Our Monmouth County divorce lawyers have written recently about a number of important issues for couples divorcing in 2019, including Financial Planning for Divorce in 2019, and changes to tax treatment of New Jersey alimony payments in the new year.
Planning is a critical part of divorce because modifying divorce orders after the fact can be costly and time-consuming – if the court agrees to consider modification at all.
An experienced divorce attorney in Freehold can best assist you in adopting an acceptable division of assets, parenting plan, custody, and support agreement. Adopting a workable plan that addresses specific issues (including medical expenses, higher education costs, and critical religious and medical decision making), can best alleviate the need to seek post-judgment modification.
In some cases, couples rush to an agreement to get away from one another, which can create later issues. Part of your divorce lawyer’s job is to make sure you have made workable agreements before a divorce is finalized.
Post-judgment Modifications in NJ Divorce
Post-judgment modifications following divorce in New Jersey typically require a significant change in circumstances, such as:
- Job loss
- Decrease in income
- Significant increase in income (either spouse)
- Remarriage or cohabitation
- Serious illness
Not settling points of contention before a divorce is finalized can leave few options. The court will not revisit your agreement just because you are unsatisfied.
Still, there are times when modification or enforcement of existing court orders becomes necessary. Job loss, failure to pay support, relocation, cohabitation issues, and child custody agreements are among the most common reasons modifications are considered.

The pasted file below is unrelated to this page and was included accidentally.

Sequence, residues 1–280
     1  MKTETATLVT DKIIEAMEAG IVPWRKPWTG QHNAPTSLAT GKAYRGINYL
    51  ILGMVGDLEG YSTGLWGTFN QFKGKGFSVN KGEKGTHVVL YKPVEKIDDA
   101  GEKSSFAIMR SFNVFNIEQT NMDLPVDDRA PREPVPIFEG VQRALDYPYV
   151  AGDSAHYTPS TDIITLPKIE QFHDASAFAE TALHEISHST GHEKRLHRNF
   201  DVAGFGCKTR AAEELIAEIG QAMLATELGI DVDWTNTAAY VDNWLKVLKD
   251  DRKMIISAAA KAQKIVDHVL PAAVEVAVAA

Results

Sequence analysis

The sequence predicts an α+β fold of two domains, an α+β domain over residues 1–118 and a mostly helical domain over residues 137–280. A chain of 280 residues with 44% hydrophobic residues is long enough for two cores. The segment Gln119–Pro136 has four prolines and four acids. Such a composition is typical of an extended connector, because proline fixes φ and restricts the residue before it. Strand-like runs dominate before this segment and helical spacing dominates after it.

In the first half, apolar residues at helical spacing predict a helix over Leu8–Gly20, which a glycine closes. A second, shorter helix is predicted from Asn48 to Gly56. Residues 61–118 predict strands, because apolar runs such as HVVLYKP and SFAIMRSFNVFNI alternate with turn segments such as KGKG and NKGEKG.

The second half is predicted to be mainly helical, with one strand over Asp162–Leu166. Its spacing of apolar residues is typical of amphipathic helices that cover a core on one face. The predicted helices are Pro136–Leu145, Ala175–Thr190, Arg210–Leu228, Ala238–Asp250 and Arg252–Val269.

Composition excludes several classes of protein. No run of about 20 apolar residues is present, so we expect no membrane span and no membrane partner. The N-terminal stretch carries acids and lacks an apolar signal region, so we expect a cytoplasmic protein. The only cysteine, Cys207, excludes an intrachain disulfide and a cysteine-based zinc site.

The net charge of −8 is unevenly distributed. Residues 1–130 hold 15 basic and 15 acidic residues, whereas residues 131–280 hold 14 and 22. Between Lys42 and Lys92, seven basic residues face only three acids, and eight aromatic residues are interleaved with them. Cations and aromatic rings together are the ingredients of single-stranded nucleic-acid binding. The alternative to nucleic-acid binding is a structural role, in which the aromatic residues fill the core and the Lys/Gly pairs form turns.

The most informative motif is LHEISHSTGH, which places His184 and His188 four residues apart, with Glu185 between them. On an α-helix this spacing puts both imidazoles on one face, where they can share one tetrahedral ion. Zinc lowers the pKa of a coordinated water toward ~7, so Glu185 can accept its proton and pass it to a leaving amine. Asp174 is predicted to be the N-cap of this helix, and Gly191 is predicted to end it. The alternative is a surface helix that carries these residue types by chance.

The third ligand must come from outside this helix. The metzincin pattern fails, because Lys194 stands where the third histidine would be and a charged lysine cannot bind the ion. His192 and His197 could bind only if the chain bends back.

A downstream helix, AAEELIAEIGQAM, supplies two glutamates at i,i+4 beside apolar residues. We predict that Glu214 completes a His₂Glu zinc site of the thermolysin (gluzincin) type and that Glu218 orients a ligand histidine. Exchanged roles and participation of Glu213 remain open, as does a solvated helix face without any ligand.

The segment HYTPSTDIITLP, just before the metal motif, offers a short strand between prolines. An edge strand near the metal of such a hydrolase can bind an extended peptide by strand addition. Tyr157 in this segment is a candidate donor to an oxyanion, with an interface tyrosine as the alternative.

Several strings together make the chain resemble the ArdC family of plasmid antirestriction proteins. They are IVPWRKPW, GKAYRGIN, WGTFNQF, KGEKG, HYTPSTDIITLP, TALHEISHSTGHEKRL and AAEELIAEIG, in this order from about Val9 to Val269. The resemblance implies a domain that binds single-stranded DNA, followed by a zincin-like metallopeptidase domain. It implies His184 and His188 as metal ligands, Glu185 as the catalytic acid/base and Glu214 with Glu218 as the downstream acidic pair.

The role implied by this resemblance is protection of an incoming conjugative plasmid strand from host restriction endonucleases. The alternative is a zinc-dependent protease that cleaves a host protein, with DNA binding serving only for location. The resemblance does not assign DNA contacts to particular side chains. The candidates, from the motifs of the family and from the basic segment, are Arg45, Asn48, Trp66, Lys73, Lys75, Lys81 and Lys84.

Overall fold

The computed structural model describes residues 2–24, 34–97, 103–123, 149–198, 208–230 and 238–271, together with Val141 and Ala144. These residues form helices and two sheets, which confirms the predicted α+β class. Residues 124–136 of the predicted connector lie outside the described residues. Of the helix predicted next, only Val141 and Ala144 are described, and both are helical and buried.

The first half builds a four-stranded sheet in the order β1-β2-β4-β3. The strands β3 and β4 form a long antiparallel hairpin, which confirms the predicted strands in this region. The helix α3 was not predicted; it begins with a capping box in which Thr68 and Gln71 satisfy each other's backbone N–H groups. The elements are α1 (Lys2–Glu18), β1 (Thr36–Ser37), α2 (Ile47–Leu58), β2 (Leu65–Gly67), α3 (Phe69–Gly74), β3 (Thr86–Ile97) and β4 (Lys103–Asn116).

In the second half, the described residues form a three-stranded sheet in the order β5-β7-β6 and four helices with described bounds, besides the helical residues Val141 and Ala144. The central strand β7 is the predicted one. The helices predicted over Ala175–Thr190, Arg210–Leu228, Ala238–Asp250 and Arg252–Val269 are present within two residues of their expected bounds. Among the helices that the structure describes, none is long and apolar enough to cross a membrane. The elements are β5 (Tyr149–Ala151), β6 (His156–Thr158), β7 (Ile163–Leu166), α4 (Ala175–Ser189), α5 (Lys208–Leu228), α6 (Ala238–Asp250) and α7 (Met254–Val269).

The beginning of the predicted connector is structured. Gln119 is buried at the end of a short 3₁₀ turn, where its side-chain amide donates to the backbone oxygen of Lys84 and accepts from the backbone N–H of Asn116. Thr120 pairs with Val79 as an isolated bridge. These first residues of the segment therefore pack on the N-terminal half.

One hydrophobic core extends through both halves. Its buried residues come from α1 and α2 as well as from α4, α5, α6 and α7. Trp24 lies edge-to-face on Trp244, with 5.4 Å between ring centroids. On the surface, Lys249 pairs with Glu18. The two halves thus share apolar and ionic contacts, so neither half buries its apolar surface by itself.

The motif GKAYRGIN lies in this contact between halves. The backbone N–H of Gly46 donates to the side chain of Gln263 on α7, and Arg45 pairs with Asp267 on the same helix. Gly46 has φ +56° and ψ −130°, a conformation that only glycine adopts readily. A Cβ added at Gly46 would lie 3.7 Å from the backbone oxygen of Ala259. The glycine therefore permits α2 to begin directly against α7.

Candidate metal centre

In such cases, it’s important to get a modification adopted by the court, rather than making a private agreement, which may or may not be recognized by the judge. Failure to comply with court orders can result in a number of civil or criminal violations. The most common is failure to pay child support, which can have a number of consequences, ranging from driver’s license suspension to arrest.
New Jersey Statute N.J.S.A. 2C:12-4(a) covers interference with child custody issues. In other cases, contempt of court may be filed under New Jersey Statute N.J.S.A. 2C:29-9, which can result in civil fines and even criminal penalties in cases where the court deems a party is not adhering to the orders of the court.
Potential civil and criminal consequences await those who don’t deal proactively with such issues. Additionally, such behaviors will not be looked upon kindly by the court when you eventually show up to resolve them. Seeking the help of an experienced Freehold divorce lawyer can eliminate many issues from the start and will best allow you to present your case to the court when the need for post-judgment modifications or other issues arise.
Call Rozin|Golinder Law, LLC today for a free and confidential consultation so you can determine what the best course of action is for your case.